Noel is a graduate of Cabrillo College with an associate's degree in dental hygiene and received her RDHAP from the University of the Pacific. She also possesses a bachelor's in oral health promotion from O'Hehir University.
Noel began presenting continuing education courses after attending many infection control programs that were very dry and boring. She believed that infection control could actually be fun! "Infection Control with a Twist" gives a humorous look at infection control infused with cutting edge information. Noel has created an empowering presentation that involves audiences and inspires participants to make changes within their practice.
From the infection control program, she developed "Identifying Methamphetamine Abuse and Developing a Treatment Protocol" that takes dental professionals through the use of visuals, personal experience and handouts into the world of methamphetamine use and abuse while presenting treatment protocols for these patients.
Noel has also created programs on mental health, serving underserved populations, and AIDS/HIV. In the mental health program, Noel teams with her daughter, Marhya, who is a licensed clinical social worker, to provide a program that not only discusses the dental implications of mental health disease but the disease process and care itself.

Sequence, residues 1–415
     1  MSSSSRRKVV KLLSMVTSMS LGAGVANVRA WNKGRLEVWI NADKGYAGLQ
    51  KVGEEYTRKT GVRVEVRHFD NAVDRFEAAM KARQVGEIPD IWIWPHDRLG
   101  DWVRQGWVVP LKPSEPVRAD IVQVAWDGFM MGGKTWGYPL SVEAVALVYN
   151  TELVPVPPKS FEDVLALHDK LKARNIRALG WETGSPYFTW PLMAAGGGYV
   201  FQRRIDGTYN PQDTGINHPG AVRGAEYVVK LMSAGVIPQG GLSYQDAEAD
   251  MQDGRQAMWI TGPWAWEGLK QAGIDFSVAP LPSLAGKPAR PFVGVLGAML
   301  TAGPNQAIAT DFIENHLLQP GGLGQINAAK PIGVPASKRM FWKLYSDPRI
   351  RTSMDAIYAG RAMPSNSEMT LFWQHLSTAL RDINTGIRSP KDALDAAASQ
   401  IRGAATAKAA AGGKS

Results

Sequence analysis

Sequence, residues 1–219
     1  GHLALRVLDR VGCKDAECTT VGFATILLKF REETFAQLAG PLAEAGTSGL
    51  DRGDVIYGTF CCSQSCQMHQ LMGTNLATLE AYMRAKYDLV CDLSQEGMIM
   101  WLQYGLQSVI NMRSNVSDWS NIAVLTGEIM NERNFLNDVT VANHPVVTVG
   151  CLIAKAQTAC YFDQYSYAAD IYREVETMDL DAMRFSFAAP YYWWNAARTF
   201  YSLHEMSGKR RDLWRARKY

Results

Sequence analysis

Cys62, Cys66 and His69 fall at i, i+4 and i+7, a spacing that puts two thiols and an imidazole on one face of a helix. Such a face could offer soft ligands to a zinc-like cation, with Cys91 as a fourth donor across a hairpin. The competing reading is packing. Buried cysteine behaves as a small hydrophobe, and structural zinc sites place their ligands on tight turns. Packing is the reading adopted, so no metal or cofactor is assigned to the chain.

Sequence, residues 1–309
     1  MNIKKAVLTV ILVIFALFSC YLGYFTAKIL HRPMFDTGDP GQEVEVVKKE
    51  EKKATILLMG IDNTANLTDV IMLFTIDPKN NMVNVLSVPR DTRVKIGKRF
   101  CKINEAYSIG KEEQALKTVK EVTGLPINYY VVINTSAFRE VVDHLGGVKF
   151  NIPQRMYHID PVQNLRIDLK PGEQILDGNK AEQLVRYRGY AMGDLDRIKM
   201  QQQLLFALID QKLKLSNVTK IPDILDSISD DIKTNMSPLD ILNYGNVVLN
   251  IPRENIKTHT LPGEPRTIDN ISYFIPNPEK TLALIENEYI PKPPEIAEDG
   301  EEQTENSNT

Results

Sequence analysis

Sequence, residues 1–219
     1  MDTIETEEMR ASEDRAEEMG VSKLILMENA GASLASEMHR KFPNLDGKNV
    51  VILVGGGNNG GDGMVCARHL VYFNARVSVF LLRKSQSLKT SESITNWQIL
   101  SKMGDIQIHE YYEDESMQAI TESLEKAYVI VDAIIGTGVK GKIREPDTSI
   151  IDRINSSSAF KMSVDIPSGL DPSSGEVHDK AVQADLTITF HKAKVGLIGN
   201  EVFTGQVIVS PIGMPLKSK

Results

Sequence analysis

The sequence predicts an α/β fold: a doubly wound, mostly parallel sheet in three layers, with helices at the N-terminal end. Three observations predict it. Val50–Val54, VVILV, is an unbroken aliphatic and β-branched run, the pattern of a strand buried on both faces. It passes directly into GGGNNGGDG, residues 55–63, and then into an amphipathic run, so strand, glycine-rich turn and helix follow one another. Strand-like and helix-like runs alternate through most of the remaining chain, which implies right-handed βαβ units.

One of her most interesting experiences while presenting CE occurred during air travel to present the methamphetamine program. During the flight she had her abuse program open on a laptop. She heard some whispering from behind her, but didn't let it affect her and kept working.
Shortly thereafter, a steward approached her and asked her to accompany him to the front of the plane. She proceeded to the galley and three people surrounded her and quietly asked her if she was doing drugs! She explained no, that she was working on a PowerPoint for a presentation she would be giving the next day. She had been working on slides that had the ingredients for making meth open, and her fellow passengers noticed it. She loved the fact that people cared enough to ask.
Noel also has a creative side where she loves to paint using watercolors. She considered many careers at a young age - a therapist, an artist, working in communications, but is amazed that as a hygienist she can do many of these, including writing her infection control column for RDH magazine. She describes herself as resourceful, accepting, and creative. She enjoys empowering people through her programs and enjoys hearing back from course participants about how her programs have affected them and their practices. Travel delays, interesting hotel adventures, finding food in unknown towns for a vegetarian and being away from the love of her life, Dave, are the hardest parts of giving CE presentations.